Ponce..................... 16.8 16.8 16.8 ... ... ... ... 0.4 0.4 .....
San Juan.................. 226.5 45.0 45.0 () 181.5 181.5 ... 2.4 2.4 (* 1.3 1.3 ...
Hawaii...................... 20.3 20.3 20.3 ... ... .. ... 1.2 1.2 .. ... ...
Honolulu................. 19.4 19.4 19.4 ... ... ... ... 1.2 1.2 .. ... ....
Alaska...................... 1.5 1.5 1.5 ... ... ... ... (*) (*) .. ... ,

'Denotes less than 50,000 pounds; less than 50,000 dollars.
'Florida Atlantic Coast port totals should be added to Florida Gulf Coast port totals to obtain total imports through the Customs District of Florida.


Table 3.--SHIPPING WEIGHT OF UNITED STATES EXPORTS OF DOMESTIC AND FOREIGN MERCHANDISE ON RY CARGO AND TANKER VESSELS, BY TRADE AREA, TYPE OF
SERVICE, AND AMOUNT CARRIED ON UNITED STATES FLAG VESSELS: NOVEMBER 1957
(Data nl millions or pounds. Totals represent the sums of unrounded figures, hence may vary slightly from the sums of the rounded amounts. Totals
shown for previous months include current revisions)

Total all vessels Dry cargo vessels1 Tanker vessels

Total dry cargo Liner Irregular
Trade area Total United United
shipping States United United United Total States
weight flag Total States Total States Total States flag
flag flag flag
(1) (2) (3) (4) (5) (6) (7) (8) (9) (10)

Total all trade areas:
Monthly average 1956.............. 24,125.8 4,550.6 21,397.5 4,013.9 5,060.4 1,935.4 16,337.0 2,078.5 2,728.4 536.7
November 1956..................... 27,771.4 4,458.6 22,572.8 3,994.9 4,295.1 1,679.5 18,277.7 2,315.4 5,198.6 463.7
October 1957...................... 26,055.5 4,162.9 23,731.2 3,724.8 5,387.8 1,914.5 18,343.4 1,810.3 2,324.3 438.1
November 1957..................... 22,445.2 4,038.6 20,596.2 3,639.9 5,415.1 1,972.7 15,181.1 1,667.2 1,849.0 398.7


Foreign trade areas except Canadian.. 18,903.5 2,837.6 17,464.3 2,661.2 5,379.2 1,965.0 12,085.1 696.1 1,439.2 176.4

Caribbean.................................. 1,201.4 336.5 1,047.3 291.8 749.8 243.8 297.5 48.0 154.1 44.7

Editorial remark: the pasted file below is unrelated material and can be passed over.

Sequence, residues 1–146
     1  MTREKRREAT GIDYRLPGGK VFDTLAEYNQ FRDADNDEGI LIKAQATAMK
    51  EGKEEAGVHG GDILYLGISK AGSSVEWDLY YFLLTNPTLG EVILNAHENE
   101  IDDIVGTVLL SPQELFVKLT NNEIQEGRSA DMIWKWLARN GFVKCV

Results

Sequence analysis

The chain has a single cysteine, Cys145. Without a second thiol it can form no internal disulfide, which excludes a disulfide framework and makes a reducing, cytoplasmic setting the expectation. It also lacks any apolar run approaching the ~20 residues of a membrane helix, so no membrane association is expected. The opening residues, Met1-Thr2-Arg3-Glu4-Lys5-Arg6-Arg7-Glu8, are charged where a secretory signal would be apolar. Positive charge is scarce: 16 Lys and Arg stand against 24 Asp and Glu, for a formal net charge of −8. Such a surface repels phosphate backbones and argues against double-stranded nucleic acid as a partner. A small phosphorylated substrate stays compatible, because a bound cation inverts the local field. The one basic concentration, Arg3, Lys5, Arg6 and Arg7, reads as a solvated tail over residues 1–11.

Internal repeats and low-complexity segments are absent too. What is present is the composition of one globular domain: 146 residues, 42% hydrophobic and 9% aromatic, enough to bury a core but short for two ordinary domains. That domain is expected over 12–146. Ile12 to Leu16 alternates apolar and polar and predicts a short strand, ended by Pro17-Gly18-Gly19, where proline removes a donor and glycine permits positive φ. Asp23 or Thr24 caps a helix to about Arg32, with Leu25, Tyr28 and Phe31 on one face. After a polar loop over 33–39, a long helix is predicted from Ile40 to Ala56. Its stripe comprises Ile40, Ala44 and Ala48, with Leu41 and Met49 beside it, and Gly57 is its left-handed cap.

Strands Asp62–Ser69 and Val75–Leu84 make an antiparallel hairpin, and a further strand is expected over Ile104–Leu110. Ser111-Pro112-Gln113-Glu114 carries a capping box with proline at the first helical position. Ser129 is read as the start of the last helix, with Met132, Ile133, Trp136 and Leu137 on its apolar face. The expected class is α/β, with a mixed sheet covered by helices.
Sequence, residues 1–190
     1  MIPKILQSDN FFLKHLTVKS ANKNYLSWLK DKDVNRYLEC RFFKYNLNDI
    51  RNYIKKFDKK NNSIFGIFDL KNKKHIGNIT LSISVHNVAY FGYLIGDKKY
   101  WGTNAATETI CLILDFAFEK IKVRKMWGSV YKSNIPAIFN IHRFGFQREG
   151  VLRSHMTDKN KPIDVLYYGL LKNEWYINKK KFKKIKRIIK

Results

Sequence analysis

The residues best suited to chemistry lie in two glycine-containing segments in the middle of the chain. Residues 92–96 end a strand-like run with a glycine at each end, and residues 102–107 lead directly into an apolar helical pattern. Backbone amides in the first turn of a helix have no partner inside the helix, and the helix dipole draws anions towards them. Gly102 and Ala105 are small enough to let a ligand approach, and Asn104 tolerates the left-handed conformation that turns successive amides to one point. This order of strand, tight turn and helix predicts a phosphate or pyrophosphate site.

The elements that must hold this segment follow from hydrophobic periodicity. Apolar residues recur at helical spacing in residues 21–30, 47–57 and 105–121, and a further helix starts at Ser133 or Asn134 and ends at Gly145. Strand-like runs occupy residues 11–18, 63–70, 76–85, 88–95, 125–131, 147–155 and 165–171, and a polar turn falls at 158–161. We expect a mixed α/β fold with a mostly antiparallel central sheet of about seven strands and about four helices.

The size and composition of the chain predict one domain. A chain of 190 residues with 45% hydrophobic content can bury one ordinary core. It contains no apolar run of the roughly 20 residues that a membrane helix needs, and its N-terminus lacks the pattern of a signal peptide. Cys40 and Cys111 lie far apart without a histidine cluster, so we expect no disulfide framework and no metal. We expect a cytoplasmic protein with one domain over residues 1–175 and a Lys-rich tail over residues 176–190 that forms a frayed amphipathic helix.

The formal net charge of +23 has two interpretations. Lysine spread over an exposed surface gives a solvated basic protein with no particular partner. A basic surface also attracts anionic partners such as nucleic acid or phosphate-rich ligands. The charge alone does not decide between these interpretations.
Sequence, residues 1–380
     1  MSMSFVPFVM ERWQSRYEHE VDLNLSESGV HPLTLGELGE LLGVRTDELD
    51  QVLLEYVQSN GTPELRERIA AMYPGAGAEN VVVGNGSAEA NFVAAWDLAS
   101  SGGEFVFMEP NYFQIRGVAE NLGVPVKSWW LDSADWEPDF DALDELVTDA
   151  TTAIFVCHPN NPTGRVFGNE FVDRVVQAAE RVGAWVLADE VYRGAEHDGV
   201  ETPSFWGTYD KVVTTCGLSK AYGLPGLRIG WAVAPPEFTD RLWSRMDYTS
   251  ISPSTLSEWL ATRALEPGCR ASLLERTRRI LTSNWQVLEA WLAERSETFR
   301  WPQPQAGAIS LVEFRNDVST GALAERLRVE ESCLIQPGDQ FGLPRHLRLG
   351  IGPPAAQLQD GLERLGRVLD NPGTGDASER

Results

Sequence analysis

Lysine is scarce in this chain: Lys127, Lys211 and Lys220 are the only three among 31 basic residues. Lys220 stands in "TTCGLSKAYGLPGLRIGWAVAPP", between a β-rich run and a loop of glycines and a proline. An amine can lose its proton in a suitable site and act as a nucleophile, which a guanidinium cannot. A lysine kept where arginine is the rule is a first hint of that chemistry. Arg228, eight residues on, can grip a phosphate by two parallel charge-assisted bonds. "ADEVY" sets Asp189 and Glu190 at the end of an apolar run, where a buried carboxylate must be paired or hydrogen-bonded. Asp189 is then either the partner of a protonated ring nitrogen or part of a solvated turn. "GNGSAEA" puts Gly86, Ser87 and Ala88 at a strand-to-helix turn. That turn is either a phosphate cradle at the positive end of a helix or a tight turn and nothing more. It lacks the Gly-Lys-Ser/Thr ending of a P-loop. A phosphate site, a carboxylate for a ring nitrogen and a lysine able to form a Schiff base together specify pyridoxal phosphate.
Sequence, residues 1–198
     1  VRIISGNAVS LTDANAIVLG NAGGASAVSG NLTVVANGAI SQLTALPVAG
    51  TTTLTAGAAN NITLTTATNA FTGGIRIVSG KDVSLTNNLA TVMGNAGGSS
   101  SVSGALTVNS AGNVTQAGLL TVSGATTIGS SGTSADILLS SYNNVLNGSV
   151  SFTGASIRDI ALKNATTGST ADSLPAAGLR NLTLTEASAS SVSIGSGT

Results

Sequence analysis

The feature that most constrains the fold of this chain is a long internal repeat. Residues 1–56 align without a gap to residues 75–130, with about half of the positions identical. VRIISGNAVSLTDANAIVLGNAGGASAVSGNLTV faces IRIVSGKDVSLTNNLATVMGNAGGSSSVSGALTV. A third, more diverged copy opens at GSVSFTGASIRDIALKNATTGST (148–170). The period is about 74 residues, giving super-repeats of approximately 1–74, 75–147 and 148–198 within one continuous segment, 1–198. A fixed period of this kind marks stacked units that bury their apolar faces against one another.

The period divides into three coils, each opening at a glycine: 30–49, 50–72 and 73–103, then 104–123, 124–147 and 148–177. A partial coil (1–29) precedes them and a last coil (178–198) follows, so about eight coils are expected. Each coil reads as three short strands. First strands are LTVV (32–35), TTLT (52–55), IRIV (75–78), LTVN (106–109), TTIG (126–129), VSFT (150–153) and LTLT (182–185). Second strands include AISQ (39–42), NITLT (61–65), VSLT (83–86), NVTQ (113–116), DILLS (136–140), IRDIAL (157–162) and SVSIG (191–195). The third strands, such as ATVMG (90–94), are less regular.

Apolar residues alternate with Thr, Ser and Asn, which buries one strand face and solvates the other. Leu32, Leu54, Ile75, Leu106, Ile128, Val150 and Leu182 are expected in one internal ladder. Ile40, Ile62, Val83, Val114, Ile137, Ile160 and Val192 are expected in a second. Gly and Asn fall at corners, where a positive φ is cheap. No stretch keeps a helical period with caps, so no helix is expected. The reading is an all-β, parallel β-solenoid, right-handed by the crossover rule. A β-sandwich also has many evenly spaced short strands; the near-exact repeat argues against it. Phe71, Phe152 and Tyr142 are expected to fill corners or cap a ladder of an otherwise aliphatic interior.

East Coast South America................... 729.9 111.1 691.2 111.1 309.6 111.1 381.6 ... 38.7 ..
Weat Coast South America................... 266.3 116.4 232.0 116.4 168.6 93.1 63.4 23.3 34.3 .
West Coast Central America and Mexico...... 70.7 24.7 41.8 17.5 34.4 17.4 7.4 (*) 28.9 7.2
Gulf Coast Mexico .......................... 64.5 ( 6) 64.5 (*) 28.8 ... 35.8 () ...

United Kingdom and Eire.................... 1,455.0 230.5 1,148.1 230.5 511.8 225.5 636.3 5.0 306.9 ...
Baltic, Scandinavia, Iceland and Greenland 1,024.4 212.0 935.5 212.0 374.0 107.7 561.5 104.3 88.9...
Bayonne-Harmurg Range....................... 6,868.5 271.2 6,680.5 255.9 952.3 212.7 5,728.2 43.3 188.0 15.3
Portugal and Spanish Atlantic.............. 224.1 1.2 224.1 1.2 35.4 1.2 188.8 .
Azores, Mediterranean and Black Sea........ 2,541.9 271.6 2,497.9 249.6 450.1 142.5 2,047.8 107.1 44.0 22.0

West Coast Africa......................... 127.3 48.8 105.6 48.8 77.9 26.7 27.6 22.1 21.7 ...
South and East Africa ..................... 155.8 69.6 139.9 69.6 128.8 69.6 U..2 ... 15.9 ..
Australasia............................... 93.4 15.8 93.4 15.8 93.4 15.8 (*) (*)
India. Persian Gulf and Red Sea............ 637.7 358.2 550.6 271.1 207.4 88.8 343.2 182.3 87.1 17.1
Malaya and Indonesia....................... 50.4 21.5 50.4 21.5 50.4 21.5 ... .....
South Chins, ForoDsa and Philippines....... 313.2 170.0 313.2 170.0 278.9 169.8 34.3 0.2 ... ..